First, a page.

The text on which I found the following sentence is here: http://watanoc.com/post-1608-gozira So... There's a part where it says: 『すごく面白い』とネットで評判です So my question is what does the と particle do in this sentence? And also why "すごく面白い" is between these symbols "『 』"
So, as Micah has said, this
と is indeed the quoting particle.
That said, Japanese is a lot more flexible with the grammatical concept of quotation and how it fits into sentences than English is. Quotes can attach to things that you wouldn't expect them to in English - like in this case, the noun
If you look here (and ignore all the examples involving
名声と評判 because that's the exhaustive listing
と), you can see that
~と評判 is a construction roughly meaning "have a reputation for". Jisho's second example sentence is in much the same vein.
In short, this comes out to something like:
It has a reputation online for being super interesting/funny
Or more in more colloquial English:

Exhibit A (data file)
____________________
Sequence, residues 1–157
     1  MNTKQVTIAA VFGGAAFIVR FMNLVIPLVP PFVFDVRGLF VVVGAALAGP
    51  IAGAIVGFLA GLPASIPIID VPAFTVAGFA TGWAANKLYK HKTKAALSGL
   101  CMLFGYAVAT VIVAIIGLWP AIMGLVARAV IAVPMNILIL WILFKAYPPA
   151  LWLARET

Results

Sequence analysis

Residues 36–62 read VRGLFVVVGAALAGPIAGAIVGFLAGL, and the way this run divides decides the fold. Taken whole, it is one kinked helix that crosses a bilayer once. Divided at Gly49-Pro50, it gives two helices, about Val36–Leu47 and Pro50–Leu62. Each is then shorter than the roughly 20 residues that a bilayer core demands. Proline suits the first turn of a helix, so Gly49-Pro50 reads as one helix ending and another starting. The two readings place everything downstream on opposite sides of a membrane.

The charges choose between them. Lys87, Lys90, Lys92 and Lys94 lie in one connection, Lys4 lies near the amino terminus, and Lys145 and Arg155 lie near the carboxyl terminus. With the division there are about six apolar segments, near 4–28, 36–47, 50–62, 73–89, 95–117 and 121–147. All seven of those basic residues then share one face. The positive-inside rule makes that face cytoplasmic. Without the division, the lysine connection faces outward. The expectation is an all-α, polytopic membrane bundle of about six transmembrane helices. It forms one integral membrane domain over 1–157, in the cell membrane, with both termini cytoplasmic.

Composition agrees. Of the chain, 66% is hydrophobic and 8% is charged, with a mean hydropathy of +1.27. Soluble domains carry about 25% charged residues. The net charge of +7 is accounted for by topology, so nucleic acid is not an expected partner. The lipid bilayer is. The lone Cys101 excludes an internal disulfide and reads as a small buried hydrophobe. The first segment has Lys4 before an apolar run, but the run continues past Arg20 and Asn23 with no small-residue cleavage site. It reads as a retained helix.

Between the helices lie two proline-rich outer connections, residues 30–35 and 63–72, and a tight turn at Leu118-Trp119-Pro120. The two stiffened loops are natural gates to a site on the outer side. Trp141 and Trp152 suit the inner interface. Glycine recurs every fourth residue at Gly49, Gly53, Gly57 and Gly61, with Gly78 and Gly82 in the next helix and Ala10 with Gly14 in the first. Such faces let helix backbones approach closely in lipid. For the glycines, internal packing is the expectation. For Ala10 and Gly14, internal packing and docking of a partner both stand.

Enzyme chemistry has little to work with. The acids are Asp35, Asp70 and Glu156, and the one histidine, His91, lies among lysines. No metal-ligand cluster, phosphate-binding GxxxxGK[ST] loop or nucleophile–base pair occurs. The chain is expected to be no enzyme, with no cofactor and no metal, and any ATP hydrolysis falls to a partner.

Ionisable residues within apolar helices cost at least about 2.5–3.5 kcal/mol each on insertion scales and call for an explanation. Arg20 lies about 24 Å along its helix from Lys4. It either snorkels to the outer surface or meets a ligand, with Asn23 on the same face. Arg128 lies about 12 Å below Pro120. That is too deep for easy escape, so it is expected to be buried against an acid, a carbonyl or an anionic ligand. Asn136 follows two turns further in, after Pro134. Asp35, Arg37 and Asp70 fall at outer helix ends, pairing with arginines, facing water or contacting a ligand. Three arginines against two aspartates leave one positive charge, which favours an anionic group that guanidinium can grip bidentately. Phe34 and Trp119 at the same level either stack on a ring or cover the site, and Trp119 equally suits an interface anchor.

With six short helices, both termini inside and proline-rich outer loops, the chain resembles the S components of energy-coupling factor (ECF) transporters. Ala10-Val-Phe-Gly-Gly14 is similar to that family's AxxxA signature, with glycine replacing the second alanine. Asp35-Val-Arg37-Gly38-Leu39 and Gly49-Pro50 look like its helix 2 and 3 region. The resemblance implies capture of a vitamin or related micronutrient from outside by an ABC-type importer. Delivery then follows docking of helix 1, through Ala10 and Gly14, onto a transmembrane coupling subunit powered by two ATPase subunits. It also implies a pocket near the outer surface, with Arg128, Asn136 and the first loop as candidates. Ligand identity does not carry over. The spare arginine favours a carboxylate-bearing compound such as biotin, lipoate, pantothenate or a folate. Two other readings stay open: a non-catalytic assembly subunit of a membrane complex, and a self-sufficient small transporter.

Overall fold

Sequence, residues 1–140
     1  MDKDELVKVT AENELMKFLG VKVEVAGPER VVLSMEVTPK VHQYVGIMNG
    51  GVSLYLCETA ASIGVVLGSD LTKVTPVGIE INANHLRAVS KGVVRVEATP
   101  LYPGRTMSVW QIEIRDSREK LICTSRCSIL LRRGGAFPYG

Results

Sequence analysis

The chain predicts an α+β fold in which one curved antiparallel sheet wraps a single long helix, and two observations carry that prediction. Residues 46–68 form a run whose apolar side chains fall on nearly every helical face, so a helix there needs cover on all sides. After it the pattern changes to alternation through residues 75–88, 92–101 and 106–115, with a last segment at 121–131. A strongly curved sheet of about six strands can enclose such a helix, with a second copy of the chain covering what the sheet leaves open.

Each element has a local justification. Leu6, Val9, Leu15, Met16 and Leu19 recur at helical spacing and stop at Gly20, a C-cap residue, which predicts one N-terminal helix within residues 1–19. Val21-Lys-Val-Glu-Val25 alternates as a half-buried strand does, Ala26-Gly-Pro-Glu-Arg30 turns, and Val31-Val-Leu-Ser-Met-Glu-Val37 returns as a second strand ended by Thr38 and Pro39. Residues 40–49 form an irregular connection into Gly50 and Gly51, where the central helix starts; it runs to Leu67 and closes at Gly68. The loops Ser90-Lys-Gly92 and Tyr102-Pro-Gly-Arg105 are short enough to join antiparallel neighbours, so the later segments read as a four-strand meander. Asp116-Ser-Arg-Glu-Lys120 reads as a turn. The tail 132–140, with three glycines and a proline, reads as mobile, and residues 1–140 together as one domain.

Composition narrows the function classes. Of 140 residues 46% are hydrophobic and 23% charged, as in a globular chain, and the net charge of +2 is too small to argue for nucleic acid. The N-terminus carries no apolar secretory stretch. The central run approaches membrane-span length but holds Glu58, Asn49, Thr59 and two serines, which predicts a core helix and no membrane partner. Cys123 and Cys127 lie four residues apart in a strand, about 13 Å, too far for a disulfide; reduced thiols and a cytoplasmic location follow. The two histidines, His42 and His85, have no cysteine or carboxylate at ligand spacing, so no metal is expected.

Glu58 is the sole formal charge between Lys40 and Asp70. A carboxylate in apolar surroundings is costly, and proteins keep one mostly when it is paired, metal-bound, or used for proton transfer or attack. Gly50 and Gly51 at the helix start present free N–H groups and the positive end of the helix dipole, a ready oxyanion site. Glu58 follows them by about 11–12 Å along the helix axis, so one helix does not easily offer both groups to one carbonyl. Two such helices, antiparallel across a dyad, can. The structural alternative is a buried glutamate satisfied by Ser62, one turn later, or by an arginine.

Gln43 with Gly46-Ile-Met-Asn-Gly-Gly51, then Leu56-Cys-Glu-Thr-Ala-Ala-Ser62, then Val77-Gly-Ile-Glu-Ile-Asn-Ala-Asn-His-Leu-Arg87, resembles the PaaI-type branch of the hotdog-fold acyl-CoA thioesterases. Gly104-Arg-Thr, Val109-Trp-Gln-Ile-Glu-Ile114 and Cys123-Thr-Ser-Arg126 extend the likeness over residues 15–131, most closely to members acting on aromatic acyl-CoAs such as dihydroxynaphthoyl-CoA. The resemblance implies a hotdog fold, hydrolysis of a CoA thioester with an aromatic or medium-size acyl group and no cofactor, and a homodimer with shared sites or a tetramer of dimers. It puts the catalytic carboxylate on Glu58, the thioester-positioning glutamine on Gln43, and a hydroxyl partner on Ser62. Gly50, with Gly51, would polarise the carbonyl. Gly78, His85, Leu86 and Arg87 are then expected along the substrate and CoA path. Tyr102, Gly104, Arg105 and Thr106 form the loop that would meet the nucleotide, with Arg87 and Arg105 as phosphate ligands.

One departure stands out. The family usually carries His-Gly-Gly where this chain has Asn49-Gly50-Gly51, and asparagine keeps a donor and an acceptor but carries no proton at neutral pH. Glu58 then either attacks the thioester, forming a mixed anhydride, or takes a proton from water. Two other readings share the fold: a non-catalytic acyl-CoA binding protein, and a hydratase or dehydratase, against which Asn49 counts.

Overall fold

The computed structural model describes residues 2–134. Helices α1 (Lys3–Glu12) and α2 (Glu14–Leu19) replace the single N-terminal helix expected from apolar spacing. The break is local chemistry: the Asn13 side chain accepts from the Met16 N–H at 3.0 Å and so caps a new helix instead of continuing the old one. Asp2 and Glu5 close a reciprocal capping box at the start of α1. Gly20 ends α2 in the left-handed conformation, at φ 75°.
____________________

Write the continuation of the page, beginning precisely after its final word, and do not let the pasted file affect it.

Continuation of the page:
Everyone online says it's super interesting/funny
The quotation marks (『 』) are simply there to disambiguate the fact that quotation is going on; the phrase would be comprehensible (but perhaps not as immediately obvious to learners of the language) without them.
According to https://jisho.org/word/と:
と can be a particle used for quoting (with speech, thoughts, etc.)
Concerning 『 』, according to https://www.japanesewithanime.com/2017/05/quotation-marks-japanese.html:
There is no difference between how 「」 and 『』 affect a phrase. They are both just quotation marks and don't impact the grammar, add nuance, or whatever. There is as much difference between them as there is difference between ' and ".
EDITED I could not find the phrase on the page you linked, but @DariusJahandarie pointed out it's actually on the page without kanji, with regular quotes 「」, and with extra whitespace.
「すごく おもしろい」と ネットで ひょうばんです。
I've also removed my incorrect translation, please see the answer by @Mindful